UNEP FI 2005 GLOBAL ROUNDTABLE: The next UNEP FI Global Roundtable is expected to take place in 2005 in Boston, Massachusetts, USA. For more information contact: UNEP FI; tel: +41-22-917-8178; e-mail:; Internet:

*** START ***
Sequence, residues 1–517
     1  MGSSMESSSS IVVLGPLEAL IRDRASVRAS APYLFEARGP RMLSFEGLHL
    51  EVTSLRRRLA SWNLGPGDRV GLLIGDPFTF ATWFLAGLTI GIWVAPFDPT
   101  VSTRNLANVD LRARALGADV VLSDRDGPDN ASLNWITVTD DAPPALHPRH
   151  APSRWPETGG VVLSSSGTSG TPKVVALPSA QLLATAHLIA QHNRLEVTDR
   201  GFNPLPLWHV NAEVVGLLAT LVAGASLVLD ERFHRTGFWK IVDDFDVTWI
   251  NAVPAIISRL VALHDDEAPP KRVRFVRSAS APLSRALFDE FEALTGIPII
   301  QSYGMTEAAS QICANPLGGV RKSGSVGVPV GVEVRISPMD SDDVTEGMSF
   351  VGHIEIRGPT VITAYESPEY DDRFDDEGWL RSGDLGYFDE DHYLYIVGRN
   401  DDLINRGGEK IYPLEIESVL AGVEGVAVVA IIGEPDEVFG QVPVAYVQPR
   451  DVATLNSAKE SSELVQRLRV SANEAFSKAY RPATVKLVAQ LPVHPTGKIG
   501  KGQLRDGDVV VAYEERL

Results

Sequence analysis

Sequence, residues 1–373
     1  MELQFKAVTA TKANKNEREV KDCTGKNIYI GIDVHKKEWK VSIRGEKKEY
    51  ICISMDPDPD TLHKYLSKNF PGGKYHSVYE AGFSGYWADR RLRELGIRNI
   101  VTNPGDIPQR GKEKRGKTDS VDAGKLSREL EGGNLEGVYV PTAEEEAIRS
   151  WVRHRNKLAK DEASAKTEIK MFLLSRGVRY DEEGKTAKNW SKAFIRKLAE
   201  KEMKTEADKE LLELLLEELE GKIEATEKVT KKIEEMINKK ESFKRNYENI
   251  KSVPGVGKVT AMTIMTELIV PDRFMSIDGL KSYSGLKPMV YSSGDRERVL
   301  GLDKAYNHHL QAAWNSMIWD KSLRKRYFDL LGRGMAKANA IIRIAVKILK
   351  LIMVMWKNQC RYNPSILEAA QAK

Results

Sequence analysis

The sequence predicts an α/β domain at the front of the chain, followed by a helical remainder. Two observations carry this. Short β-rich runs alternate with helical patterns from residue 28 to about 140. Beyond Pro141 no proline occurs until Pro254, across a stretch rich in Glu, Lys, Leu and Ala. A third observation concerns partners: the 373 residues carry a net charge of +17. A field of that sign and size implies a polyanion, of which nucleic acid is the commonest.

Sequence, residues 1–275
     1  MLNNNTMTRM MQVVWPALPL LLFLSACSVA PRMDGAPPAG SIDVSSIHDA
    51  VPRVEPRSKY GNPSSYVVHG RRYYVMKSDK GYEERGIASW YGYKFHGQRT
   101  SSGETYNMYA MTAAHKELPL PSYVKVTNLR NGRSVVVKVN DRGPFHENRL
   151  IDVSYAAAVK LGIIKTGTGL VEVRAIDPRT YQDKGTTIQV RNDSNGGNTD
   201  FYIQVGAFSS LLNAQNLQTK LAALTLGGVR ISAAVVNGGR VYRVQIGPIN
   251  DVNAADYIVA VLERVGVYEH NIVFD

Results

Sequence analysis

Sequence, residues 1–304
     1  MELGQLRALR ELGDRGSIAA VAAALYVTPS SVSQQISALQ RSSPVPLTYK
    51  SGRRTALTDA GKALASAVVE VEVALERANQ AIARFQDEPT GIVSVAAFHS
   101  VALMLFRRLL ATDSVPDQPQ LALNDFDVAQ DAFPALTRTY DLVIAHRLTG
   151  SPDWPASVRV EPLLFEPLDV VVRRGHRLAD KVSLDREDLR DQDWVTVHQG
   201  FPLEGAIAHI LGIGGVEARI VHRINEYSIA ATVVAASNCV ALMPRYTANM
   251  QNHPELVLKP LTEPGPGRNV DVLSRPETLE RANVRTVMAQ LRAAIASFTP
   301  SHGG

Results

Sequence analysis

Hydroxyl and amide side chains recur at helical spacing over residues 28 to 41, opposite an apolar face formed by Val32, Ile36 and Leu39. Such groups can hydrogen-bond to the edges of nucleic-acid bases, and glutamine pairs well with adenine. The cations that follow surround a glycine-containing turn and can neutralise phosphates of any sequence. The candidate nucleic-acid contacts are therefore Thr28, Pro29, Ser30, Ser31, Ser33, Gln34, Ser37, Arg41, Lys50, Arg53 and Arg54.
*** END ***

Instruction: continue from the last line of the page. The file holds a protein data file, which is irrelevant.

Sustainable Developments is a publication of the International Institute for Sustainable Development (IISD) <>, publishers of the Earth Negotiations Bulletin �. This issue was written and edited by Kaori Kawarabayashi; Prisna Nuengsigkapian; and Richard Sherman. The digital editor is Francis Dejon. The Team Leader is Prisna Nuengsigkapian <>. The Editor is Lynn Wagner, Ph.D. <>. The Director of IISD Reporting Services (including Sustainable Developments) is Langston James "Kimo" Goree VI <>. Specific funding for coverage of this meeting has been provided by UNEP. The authors can be contacted at their electronic mail addresses and at tel: +1-212-644-0204. IISD can be contacted at 161 Portage Avenue East, 6th Floor, Winnipeg, Manitoba R3B 0Y4, Canada; tel: +1-204-958-7700; fax: +1-204-958-7710. The opinions expressed in Sustainable Developments are those of the authors and do not necessarily reflect the views of IISD or UNEP. Excerpts from Sustainable Developments may be used in other publications with appropriate academic citation. Electronic versions of Sustainable Developments are sent to e-mail distribution lists (ASCII and PDF format) and can be found on the Linkages WWW-server at <>. For further information on Sustainable Developments, including requests to provide reporting services, contact the Director of IISD Reporting Services at <>.